For 9 years running, Canadian Prime Minister Stephen Harper has spent part of his summers touring Canada’s Arctic regions, including this year’s Operation Nanook 14.
He goes to wave the flag and bolster territorial claims in the area. He goes in anticipation of a coming boom once resources and shipping are more accessible. And many think he goes from a genuine respect for the history and potential of the far north.
On tour, or back in Ottawa, what Canada’s most important political figure seldom discusses is a little thing called climate change. Which is odd, considering how the Arctic absolutely, utterly proves that something big is happening to our planet.
Particularly in the U.S., one can still get arguments about the cause of receding glaciers, changes in sea ice, and shifts in weather, animal and plant life. But in the Arctic, it’s virtually impossible to deny major changes are happening, often even faster than initially predicted.
Residents there know that first-hand. The Arctic Rangers, a mostly-indigenous civilian reservist force that patrols the region, say nearly everything is changing. As reported by the Canadian Press:
“The elders used to be able to predict the weather by looking at the clouds; they can’t do that anymore. You can’t predict the weather anymore,” was a typical comment on the impact of climate change, which has reduced snow cover, led to earlier springs and generated fiercer winter winds.
Snowmobiles are becoming less available as the snow disappears, making it harder to travel.
“We never used to have forest fires. Now we have more and more each summer,” said one participant.
“There are new species now like small birds, ducks, salmon, foxes, grizzlies and an unknown species that is a cross between a polar bear and a grizzly,” said another. “We never used to see any of these species before.”
Meanwhile, staples of the indigenous northern diet — caribou, seal and polar bear — are migrating north to escape the warmer weather, leaving fewer animals to hunt.
“Polar bears used to be fat and tasty,” said one ranger. “They taste different now.”
And the Arctic is no longer a natural refrigerator for the hunt, said some.
“When we are on the land and living in tents, we dig holes to put the carcasses in to keep them frozen. Now even six feet down it is not frozen.”
CBC news reports the fire season has been unusually bad in the Northwest Territories this year:
The worst forest fire season in decades has ravaged about 33,000 square kilometres of land — an area larger than the size of Vancouver Island.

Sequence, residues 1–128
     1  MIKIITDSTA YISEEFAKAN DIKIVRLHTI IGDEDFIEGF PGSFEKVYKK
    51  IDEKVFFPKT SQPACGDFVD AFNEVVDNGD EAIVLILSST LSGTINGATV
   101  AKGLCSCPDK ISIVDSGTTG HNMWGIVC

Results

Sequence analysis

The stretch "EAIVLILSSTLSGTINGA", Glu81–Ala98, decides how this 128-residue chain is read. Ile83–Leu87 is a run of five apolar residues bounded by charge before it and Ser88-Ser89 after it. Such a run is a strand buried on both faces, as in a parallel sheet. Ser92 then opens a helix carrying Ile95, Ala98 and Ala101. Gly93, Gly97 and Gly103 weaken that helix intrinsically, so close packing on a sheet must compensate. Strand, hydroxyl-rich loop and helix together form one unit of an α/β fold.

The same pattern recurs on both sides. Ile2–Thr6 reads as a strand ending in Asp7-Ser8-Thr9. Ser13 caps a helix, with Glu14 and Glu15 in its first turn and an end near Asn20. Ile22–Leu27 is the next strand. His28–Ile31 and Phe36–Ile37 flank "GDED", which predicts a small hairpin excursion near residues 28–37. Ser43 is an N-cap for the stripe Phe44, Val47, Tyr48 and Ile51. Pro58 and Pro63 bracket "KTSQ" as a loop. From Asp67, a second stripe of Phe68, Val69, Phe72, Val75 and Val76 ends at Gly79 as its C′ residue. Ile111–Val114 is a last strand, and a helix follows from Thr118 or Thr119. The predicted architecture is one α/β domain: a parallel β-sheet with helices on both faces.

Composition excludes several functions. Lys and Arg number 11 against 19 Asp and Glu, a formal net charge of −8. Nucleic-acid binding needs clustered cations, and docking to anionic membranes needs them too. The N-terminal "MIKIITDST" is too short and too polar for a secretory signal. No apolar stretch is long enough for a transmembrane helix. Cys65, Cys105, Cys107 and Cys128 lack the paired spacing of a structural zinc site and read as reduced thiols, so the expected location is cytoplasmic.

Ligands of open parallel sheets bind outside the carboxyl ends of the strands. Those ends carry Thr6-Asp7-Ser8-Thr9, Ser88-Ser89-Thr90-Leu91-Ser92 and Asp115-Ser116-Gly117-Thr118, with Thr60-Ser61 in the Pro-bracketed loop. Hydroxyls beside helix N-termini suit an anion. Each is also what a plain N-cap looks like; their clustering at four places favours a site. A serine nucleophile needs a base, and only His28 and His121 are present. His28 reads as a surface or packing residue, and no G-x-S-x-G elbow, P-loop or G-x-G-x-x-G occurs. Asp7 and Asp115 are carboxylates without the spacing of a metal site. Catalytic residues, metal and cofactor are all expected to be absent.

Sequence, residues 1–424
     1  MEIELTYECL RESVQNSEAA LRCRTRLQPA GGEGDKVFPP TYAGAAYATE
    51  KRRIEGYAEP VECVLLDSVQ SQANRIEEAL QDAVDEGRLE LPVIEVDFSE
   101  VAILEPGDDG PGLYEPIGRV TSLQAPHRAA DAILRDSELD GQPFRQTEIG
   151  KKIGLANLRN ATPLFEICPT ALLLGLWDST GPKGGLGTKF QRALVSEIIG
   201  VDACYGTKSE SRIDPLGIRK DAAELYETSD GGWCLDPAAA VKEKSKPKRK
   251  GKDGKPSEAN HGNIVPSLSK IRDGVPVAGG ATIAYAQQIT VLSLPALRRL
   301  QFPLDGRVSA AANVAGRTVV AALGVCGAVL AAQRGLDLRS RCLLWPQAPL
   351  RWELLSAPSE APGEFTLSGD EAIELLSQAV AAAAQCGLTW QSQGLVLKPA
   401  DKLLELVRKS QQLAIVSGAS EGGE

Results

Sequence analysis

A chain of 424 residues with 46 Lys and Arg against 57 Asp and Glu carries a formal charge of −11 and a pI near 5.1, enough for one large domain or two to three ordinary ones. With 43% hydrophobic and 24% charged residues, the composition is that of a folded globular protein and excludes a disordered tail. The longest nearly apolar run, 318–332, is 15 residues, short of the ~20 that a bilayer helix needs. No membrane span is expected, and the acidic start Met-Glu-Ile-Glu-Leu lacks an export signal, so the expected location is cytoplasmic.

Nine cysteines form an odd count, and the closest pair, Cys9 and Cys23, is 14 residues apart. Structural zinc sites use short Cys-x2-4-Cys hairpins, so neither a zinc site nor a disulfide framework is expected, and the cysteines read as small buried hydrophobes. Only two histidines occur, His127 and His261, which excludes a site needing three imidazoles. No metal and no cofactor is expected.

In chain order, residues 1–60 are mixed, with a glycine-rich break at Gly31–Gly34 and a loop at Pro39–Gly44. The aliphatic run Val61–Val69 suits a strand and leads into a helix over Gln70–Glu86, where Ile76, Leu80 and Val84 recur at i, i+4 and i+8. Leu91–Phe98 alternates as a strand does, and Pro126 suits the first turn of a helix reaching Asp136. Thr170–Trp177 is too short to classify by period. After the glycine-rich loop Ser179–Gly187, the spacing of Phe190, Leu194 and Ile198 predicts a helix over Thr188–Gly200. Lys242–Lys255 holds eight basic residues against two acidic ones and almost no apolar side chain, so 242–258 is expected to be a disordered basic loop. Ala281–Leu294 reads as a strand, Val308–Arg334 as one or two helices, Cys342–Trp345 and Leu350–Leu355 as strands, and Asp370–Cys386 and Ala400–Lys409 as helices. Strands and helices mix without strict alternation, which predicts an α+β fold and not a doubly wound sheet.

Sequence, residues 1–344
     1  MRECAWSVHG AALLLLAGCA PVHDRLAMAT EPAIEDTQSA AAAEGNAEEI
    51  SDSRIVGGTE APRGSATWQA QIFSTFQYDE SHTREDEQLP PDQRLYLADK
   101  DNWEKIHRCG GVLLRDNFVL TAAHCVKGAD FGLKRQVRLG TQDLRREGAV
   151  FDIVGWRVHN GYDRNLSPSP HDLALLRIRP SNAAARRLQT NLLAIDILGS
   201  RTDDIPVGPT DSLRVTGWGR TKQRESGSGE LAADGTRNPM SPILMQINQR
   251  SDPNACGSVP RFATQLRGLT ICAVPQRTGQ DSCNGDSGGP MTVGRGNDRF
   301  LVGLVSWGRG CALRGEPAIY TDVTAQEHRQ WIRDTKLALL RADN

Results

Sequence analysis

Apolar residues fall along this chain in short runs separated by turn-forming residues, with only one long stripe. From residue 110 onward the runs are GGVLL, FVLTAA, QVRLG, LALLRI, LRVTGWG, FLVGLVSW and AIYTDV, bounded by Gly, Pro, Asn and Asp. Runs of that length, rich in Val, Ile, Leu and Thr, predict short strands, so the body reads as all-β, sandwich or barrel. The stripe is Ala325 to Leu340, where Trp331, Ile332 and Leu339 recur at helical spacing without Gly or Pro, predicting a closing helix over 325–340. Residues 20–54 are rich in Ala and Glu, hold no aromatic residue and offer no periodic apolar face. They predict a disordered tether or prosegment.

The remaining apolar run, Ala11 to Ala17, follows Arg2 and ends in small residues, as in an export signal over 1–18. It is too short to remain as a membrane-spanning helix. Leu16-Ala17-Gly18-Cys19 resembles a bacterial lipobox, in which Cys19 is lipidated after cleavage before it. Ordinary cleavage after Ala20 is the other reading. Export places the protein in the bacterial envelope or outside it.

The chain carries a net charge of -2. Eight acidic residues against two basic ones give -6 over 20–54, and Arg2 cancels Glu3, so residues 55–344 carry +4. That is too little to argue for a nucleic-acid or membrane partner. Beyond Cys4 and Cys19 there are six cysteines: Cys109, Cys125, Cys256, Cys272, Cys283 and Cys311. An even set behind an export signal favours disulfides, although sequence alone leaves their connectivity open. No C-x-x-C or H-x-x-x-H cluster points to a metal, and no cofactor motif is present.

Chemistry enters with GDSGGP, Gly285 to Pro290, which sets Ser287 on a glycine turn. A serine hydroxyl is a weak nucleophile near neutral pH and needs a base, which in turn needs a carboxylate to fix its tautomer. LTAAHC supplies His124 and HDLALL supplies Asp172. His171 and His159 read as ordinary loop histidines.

Most of the destruction has been in the North Slave region, where Alfred Arrowmaker hunts and traps.
“I went out weeks ago, looking for moose, and there was nothing there. Everything is burned. There is absolutely nothing out there,” Arrowmaker says.
“I have lived in Gameti my whole life, and I have never seen this kind of fire in my life before.
Micheal Den Tandt traveled with Prime Minister Harper’s entourage for Postmedia News. Summarizing the tour, Den Tandt said it went very well, on the whole. With two glaring exceptions.
Problem one is improving the many frustrations and poor conditions still faced by Canada’s indigenous populations. And, as Den Tandt put it,
The second elephant in the room is, of course, climate change. In the Arctic this is neither debate nor symbol; it is a fact on the ground. Moreover, it’s one the government clearly recognizes, at least in deed. The opening of northern sea routes now in its infancy underpins virtually every aspect of the Harper government’s Arctic strategy, from the search for the Franklin ships, to the need to project sovereignty northward, to the military’s Operation Nanook on Tuesday, which envisioned a tourist ship running aground in York Sound, near the Davis Strait.
None of this would be happening were it not for the gradual withdrawal of the summer ice. Climate change is a fundamental to the emerging geography of the Canadian Arctic. And yet, the two words “climate change” were not uttered a single time over the span of six days, by the PM or any of his ministers, that I am aware of. At this late juncture, with the Arctic so central to their plans, that is simply astonishing.
Readers who are still with me are probably interested in the Arctic as a region. So I wanted to call attention to a fascinating article in the New York Times on the mystery of what happened to the Dorset, an Arctic people who survived well in isolation for 4,000 years before vanishing about 700 years ago.
The article concerns a new study published in Science Magazine this August “The genetic prehistory of the New World Arctic” which examined DNA evidence to conclude the Dorset were not absorbed into surviving populations.
Researchers feel the Dorset likely had problems caused by their too-isolated gene pool. But the coup de grâce may have been environmental, according to New York University professor Todd R. Disotell (who was not part of the DNA study):
Another possibility, Dr. Disotell explained, is that the Dorset braved generations of harsh tundra conditions only to succumb to the effects of climate change. In the Arctic, even minor shifts in temperature can devastate marine life, cutting off vital food sources. The archaeological record, in fact, suggests that several such events had nearly wiped out the Paleo-Eskimos before.
“When you’re dealing with sea ice, just a few degrees can be transformative,” Dr. Disotell said. “Three bad winters in a row where you can’t hunt seals, and you’re in trouble.”
Of course, some will seize upon the fact that climate has changed – dramatically – long before humans were burning carbon counts as another challenge to today’s understanding of global warming and its causes.
But maybe the salient point is this: climate change matters. Argue all you like about what causes it. Just admit that some of these shifts become issues of survival.